Besides exchangers, other categories of transmembrane ATPase include co-transporters and pumps (however, some exchangers are also pumps). Some of these, like the Na+/K+ATPase, cause a net flow of charge, but others do not. These are called "electrogenic" and "nonelectrogenic" transporters, respectively.

Structure

The Walker motifs are a telltale protein sequence motif for nucleotide binding and hydrolysis. Beyond this broad function, the Walker motifs can be found in almost all natural ATPases, with the notable exception of tyrosine kinases. [8] The Walker motifs commonly form a Beta sheet-turn-Alpha helix that is self-organized as a Nest (protein structural motif). This is thought to be because modern ATPases evolved from small NTP-binding peptides that had to be self-organized.[9]

Protein design has been able to replicate the ATPase function (weakly) without using natural ATPase sequences or structures. Importantly, while all natural ATPases have some beta-sheet structure, the designed "Alternative ATPase" lacks beta sheet structure, demonstrating that this life-essential function is possible with sequences and structures not found in nature. [10]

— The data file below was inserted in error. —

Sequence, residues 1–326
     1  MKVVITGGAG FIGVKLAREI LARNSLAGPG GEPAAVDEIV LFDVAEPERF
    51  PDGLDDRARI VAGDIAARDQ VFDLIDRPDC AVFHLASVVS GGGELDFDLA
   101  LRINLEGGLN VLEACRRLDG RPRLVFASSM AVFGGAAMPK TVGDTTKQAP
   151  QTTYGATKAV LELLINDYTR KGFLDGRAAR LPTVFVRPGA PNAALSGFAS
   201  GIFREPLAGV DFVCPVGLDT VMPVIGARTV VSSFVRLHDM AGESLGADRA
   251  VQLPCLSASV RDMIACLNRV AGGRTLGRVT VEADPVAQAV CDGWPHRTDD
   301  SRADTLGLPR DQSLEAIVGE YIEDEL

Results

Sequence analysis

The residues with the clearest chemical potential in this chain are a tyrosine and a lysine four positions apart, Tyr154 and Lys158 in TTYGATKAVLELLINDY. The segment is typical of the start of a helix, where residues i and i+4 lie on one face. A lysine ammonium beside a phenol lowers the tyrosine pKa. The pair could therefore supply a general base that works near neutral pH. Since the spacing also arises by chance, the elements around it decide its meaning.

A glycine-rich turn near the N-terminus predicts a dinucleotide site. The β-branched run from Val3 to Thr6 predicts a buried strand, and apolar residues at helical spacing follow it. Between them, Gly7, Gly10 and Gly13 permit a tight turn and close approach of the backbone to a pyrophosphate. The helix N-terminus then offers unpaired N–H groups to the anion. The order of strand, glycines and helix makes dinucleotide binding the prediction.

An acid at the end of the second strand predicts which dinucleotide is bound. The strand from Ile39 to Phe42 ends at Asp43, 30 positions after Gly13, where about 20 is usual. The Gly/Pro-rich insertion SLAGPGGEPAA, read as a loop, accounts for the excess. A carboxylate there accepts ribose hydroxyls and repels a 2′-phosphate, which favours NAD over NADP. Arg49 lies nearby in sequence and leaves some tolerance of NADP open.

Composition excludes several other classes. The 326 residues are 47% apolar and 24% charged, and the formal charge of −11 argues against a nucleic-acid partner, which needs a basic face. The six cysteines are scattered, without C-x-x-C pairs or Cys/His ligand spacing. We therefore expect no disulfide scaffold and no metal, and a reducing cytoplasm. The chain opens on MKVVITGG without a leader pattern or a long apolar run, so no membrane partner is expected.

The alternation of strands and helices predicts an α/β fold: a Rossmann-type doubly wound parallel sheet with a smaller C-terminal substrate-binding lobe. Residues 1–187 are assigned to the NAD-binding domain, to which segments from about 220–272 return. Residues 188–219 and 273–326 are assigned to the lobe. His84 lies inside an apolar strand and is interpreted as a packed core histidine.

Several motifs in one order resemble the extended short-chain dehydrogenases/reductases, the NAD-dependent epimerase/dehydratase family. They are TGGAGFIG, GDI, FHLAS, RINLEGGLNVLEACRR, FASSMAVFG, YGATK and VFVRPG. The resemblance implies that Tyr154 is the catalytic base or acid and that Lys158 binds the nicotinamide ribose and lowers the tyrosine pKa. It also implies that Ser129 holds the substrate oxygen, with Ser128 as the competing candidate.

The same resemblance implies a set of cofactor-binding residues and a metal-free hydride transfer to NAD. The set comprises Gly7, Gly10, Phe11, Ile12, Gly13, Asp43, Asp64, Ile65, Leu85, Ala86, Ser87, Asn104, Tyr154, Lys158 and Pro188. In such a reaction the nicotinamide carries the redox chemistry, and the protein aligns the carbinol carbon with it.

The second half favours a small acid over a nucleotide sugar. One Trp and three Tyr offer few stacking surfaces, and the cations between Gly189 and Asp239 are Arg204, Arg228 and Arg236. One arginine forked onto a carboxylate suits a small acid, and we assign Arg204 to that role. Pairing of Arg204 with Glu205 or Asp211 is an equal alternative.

Mechanism

The coupling between ATP hydrolysis and transport is more or less a strict chemical reaction, in which a fixed number of solute molecules are transported for each ATP molecule that is hydrolyzed; for example, 3 Na+ ions out of the cell and 2 K+ ions inward per ATP hydrolyzed, for the Na+/K+ exchanger.